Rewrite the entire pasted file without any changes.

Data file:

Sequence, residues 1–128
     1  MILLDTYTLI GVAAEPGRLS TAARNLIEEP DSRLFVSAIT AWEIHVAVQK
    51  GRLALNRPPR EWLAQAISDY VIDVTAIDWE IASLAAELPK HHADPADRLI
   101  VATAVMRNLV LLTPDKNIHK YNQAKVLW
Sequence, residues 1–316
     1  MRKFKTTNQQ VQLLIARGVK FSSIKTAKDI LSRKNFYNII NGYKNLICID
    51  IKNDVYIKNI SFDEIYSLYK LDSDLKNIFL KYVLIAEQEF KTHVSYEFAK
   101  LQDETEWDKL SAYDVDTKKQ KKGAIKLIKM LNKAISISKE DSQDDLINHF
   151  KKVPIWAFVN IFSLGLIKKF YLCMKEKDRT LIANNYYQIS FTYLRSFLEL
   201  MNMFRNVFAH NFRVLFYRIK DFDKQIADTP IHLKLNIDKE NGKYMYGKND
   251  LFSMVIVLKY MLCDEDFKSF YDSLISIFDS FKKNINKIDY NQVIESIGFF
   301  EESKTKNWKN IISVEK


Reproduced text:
Sequence, residues 1–128
     1  MILLDTYTLI GVAAEPGRLS TAARNLIEEP DSRLFVSAIT AWEIHVAVQK
    51  GRLALNRPPR EWLAQAISDY VIDVTAIDWE IASLAAELPK HHADPADRLI
   101  VATAVMRNLV LLTPDKNIHK YNQAKVLW
Sequence, residues 1–316
     1  MRKFKTTNQQ VQLLIARGVK FSSIKTAKDI LSRKNFYNII NGYKNLICID
    51  IKNDVYIKNI SFDEIYSLYK LDSDLKNIFL KYVLIAEQEF KTHVSYEFAK
   101  LQDETEWDKL SAYDVDTKKQ KKGAIKLIKM LNKAISISKE DSQDDLINHF
   151  KKVPIWAFVN IFSLGLIKKF YLCMKEKDRT LIANNYYQIS FTYLRSFLEL
   201  MNMFRNVFAH NFRVLFYRIK DFDKQIADTP IHLKLNIDKE NGKYMYGKND
   251  LFSMVIVLKY MLCDEDFKSF YDSLISIFDS FKKNINKIDY NQVIESIGFF
   301  EESKTKNWKN IISVEK